The buildings along the alley seem occupied but quiet. Harding finds the rear kitchen service door easily enough. Then a grenade goes off in the distance! Harding kicks the door, his foot makes little impact. Then he pushes it open and sees the kitchen is abandoned. He moves through, McLean’s hefty tread behind him. A dead kitchen-wallah lies in his path. Not far beyond is a service hatch, he moves to that and through its slats sees three Burmese, two clumped and one further away.
Round 1: Harding moves 5’ to the connecting door and kicks it open, sprays a burst at the solo Burmese, and kneels. [Bursts get a simple +2 to hit] The burst misses. McLean swings the Bren up and fires over Harding. Full-round, full magazine. Neither make the DC and are thrown back against the wall, riddled with heavy rounds. [2d10 damage each] [In fact the damage is not enormous but these lowly NPCs do not appear to have many hp or be allowed MAS SV. And according to the rules we did not read properly, firing from the hip is limited to short bursts at -2.]
The lone Burmese flees away and out the front… meanwhile at the hotel front both Williams and Cade are ready for this and Cade sends another full round of area fire at him. This Burmese drops as well.
Two rounds later Harding and McLean get to the sniper’s door, easily spotted thanks to the splintered bullet-holes through it. The sniper lies dead inside. Harding commandeers the Lee-Enfield and ammo, while McLean breaks the sniper’s pistol, a Nambu knock-off. [Mainly to see if it can be done using these rules. It’s a STR SV and McLean gets 21]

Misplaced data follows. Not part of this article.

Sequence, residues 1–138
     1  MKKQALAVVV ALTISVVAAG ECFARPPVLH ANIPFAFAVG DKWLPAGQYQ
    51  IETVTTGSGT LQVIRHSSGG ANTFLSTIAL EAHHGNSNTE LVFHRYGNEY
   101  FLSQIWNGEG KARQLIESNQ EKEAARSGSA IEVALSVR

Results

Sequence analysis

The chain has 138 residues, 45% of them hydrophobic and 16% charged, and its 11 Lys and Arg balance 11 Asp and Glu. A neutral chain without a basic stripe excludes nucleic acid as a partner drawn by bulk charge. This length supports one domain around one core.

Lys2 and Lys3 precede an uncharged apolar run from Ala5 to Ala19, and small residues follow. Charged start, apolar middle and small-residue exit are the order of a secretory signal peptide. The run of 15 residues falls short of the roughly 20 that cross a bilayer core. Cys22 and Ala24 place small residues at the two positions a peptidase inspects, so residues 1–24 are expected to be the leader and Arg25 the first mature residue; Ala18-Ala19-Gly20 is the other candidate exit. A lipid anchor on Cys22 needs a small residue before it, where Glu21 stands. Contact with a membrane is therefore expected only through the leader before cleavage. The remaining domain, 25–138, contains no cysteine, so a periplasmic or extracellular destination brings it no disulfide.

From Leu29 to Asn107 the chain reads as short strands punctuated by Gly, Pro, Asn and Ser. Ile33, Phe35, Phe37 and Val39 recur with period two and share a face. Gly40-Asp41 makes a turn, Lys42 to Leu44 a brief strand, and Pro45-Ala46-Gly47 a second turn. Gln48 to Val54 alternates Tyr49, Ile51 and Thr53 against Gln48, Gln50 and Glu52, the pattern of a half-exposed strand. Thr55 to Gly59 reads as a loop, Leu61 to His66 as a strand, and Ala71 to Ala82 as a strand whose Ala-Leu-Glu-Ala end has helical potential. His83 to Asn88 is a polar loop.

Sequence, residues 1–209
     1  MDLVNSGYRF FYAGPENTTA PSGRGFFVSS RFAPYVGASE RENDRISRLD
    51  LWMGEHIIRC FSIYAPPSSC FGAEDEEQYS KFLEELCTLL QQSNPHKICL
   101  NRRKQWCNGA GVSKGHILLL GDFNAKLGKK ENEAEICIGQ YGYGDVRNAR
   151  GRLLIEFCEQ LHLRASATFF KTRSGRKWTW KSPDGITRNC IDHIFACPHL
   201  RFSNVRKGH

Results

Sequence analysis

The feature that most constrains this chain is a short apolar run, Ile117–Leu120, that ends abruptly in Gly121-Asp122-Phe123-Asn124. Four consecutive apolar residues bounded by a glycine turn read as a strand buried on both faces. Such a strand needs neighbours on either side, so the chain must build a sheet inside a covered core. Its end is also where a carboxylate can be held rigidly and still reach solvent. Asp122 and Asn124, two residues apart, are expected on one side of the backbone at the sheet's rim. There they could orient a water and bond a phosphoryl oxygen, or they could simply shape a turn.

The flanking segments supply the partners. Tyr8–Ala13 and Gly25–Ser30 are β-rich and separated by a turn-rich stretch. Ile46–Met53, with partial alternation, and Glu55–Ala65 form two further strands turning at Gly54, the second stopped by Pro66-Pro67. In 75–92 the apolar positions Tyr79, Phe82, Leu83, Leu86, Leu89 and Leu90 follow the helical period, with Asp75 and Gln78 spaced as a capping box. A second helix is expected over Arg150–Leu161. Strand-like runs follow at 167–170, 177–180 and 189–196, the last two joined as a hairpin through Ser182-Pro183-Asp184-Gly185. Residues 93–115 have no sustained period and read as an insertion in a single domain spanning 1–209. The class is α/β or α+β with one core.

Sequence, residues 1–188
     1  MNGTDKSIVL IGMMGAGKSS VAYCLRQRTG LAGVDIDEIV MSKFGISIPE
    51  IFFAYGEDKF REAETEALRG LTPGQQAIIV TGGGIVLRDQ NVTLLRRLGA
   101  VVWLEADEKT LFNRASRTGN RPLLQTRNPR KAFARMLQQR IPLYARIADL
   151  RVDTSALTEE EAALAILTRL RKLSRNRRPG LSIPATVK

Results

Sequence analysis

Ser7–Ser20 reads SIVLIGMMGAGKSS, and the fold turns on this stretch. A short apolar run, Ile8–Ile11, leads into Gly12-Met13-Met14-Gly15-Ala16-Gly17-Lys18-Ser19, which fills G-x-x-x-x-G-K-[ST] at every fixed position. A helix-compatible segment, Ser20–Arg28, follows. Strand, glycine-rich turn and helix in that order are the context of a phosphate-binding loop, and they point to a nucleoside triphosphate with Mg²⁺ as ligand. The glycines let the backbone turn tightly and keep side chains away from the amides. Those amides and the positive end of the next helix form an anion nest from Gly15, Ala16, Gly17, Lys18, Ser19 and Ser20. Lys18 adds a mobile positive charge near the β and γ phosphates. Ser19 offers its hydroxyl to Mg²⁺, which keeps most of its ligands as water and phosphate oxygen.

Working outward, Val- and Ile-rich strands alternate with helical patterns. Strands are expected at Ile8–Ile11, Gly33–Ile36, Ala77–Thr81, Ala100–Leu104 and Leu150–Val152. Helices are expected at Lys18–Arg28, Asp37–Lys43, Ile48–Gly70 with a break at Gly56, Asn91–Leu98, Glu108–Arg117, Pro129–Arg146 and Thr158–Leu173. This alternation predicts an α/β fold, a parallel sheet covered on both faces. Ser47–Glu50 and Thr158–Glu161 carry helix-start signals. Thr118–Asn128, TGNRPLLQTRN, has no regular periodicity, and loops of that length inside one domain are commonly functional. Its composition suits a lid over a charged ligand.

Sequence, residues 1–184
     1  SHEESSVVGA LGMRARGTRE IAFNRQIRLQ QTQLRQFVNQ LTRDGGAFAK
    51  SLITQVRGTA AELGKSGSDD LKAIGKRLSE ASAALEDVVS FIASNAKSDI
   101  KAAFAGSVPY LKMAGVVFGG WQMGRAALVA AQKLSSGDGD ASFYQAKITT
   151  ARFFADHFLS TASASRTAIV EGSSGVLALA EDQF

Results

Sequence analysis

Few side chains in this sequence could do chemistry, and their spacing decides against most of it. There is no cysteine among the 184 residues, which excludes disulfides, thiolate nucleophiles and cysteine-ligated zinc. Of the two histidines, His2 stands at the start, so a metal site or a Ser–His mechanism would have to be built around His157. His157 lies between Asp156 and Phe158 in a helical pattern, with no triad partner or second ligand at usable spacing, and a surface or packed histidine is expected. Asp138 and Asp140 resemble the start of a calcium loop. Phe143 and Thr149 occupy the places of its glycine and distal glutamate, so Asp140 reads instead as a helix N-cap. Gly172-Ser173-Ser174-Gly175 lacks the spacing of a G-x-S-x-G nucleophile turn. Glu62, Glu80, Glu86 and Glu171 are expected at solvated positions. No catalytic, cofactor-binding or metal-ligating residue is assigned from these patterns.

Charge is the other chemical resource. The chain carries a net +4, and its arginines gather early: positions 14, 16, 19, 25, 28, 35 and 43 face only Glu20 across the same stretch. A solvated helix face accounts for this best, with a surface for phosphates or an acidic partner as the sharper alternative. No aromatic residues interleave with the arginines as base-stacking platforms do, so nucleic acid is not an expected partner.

At this stage the Imperial Japanese Army is proving far more resourceful and mobile than the Imperial British and its colonial forces. A series of strategic victories is in train, forcing the British high command to withdraw as best it can, all the way back to India.
At this point in the war it is fair to say that both main armies – Japanese and British/Colonial – believe implicitly that they are superior and everyone around them, including allies, is inferior. Of the two, the Japanese are having their beliefs endorsed by events.
Strategic Japanese success has brought Siam [Thailand] into the war as an allied force directed into northern Burma, and allowed the Japanese army to at least partly-train a Burmese force. Since they hold the Burmese in the same contempt that they hold all other Asian races that is as good as it will get for General Aung’s ambitions. China’s Nationalist army is splintering into scattered divisions in the north and Britain’s retreat is taking its forces further away from China. Although America has entered the war Roosevelt is thinking purely long-term and China; and American materiel is directed away from the crisis.
Campaign concepts, d20 differences, and a short glossary
This is a very British based campaign so I will strive to use British-English unless it is very confusing to do so.
As virtually all readers speak d20, allow me to simply highlight how V for Victory (VfV) differs from other very similar open licence properties.
No arcane aspect exists at all. All related skills and feats are removed.